The shot: the calm before the storm

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VeloNews and Peloton Contributor James Startt, the winner of the 2021 World Sports Photography Awards, reports on his 32nd Tour de France. At this year’s Tour de France he will be explaining in a regular feature how he takes his favorite shots of the day and what equipment he uses.


Today was the first stage after the first of two rest days of the tour. But in many ways it felt like it was an extension of that. The first attack went without much resistance, and it seemed like many riders in the race were all too happy to have a relatively routine sprint stage. After all, tomorrow is the eagerly awaited double stage Mont Ventoux.

Also read: Brandon McNulty on the Cormet de Roselend

And that was fine with me. The two consecutive mountain stages in the rain soaked my Nikon D5. He spent the rest day in a closed plastic back with a kilo of uncooked rice – an ancient photo recipe for sucking moisture out of the camera. The only problem is that it’s not completely dried out yet. So I started the day with just my Z7. With rain looming for most of the day, I wasn’t in the mood to take risks.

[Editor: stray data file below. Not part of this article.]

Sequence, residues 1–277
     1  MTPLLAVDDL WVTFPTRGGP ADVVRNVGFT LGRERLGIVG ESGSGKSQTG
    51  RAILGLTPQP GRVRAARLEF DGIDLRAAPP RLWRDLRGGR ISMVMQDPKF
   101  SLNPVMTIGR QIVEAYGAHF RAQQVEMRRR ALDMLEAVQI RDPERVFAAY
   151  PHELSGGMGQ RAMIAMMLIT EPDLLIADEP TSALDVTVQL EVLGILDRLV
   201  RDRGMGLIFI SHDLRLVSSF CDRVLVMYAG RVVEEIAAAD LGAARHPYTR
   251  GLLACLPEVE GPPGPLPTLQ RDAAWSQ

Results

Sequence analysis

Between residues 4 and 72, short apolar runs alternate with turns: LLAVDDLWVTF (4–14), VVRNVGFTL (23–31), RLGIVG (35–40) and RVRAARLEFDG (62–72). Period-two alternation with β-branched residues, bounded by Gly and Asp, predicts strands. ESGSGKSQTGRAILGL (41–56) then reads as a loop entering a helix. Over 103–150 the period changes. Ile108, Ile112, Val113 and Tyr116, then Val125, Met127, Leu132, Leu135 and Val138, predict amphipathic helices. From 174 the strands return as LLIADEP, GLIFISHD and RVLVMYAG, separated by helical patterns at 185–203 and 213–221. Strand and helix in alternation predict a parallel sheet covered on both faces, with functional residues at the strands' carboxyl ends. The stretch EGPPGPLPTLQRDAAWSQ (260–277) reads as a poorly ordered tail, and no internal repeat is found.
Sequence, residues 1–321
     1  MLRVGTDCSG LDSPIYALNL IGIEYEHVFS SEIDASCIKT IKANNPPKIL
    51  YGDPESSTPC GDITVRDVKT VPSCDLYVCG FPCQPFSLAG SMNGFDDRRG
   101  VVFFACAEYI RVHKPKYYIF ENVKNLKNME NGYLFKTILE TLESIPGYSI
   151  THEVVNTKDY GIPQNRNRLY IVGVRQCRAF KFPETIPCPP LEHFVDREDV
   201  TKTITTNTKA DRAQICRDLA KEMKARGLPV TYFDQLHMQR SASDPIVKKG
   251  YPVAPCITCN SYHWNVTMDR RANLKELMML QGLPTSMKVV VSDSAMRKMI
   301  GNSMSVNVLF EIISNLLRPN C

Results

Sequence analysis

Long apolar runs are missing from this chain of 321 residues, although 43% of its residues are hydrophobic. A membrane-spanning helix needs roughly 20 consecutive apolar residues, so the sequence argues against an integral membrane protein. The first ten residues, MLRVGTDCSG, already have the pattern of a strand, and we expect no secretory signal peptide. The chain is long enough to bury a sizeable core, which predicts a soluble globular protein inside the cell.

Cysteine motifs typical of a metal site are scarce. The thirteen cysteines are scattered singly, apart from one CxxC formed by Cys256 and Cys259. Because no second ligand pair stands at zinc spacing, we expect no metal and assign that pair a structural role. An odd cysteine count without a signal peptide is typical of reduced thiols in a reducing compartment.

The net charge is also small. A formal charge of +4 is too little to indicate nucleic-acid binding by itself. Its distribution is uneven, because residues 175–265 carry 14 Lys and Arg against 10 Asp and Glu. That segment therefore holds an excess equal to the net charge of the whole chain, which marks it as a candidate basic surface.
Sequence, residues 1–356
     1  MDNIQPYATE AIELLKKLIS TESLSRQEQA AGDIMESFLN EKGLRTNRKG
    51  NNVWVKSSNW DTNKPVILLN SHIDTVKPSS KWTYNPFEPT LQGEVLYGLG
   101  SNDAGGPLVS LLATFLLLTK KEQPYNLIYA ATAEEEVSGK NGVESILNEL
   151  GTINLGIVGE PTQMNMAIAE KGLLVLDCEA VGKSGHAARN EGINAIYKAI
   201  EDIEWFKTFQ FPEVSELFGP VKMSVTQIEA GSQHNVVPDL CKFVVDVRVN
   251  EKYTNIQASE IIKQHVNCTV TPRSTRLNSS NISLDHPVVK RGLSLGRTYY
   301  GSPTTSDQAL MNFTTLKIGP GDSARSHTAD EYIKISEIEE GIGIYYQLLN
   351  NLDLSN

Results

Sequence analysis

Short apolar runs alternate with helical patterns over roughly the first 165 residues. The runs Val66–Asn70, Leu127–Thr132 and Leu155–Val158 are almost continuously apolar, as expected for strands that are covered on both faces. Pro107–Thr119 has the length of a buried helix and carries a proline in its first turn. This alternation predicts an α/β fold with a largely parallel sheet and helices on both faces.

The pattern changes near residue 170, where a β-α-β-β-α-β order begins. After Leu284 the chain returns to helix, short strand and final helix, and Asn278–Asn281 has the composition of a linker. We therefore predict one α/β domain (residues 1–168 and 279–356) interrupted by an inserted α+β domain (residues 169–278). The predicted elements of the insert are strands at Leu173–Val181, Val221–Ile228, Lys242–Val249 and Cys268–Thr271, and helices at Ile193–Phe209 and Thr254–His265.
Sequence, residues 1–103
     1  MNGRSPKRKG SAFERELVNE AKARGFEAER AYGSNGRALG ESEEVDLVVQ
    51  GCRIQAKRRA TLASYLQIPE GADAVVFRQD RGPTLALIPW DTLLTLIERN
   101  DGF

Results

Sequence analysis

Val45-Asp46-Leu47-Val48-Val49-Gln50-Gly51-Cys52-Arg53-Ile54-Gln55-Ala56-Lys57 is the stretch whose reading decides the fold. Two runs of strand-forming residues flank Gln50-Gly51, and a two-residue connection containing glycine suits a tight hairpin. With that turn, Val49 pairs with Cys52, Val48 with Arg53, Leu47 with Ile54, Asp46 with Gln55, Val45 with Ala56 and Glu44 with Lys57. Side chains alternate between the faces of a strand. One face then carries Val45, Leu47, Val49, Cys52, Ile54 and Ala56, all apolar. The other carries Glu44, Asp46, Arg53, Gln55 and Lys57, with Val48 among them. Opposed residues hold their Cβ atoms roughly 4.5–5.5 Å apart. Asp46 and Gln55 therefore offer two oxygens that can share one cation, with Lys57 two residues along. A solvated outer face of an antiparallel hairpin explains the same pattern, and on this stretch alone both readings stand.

And since there was a lack of action, I decided to drive ahead and look for a scenic shot. I was overwhelmed by the landscape when we drove into the Rhone Valley.

Eventually we rolled into a small town with a soft festive mood. The cycling fans stopped at one corner, and the local resident was only too happy to see the tour pass on his window on the second floor.

The outlier wasn’t far behind so I quickly set up my frame. This would surely be a slow shutter speed shot focused on the fans, with only the blurring of the drivers highlighting the frame.

The Z7 doesn’t fire as many shots per second as the D5, so I knew I would only have a picture or two. With my left eye open, I tried to see the movement of the oncoming cyclists and when I did I started to shoot. When I looked at my camera’s screen I could see that I had taken it twice, but this one was my definite favorite.



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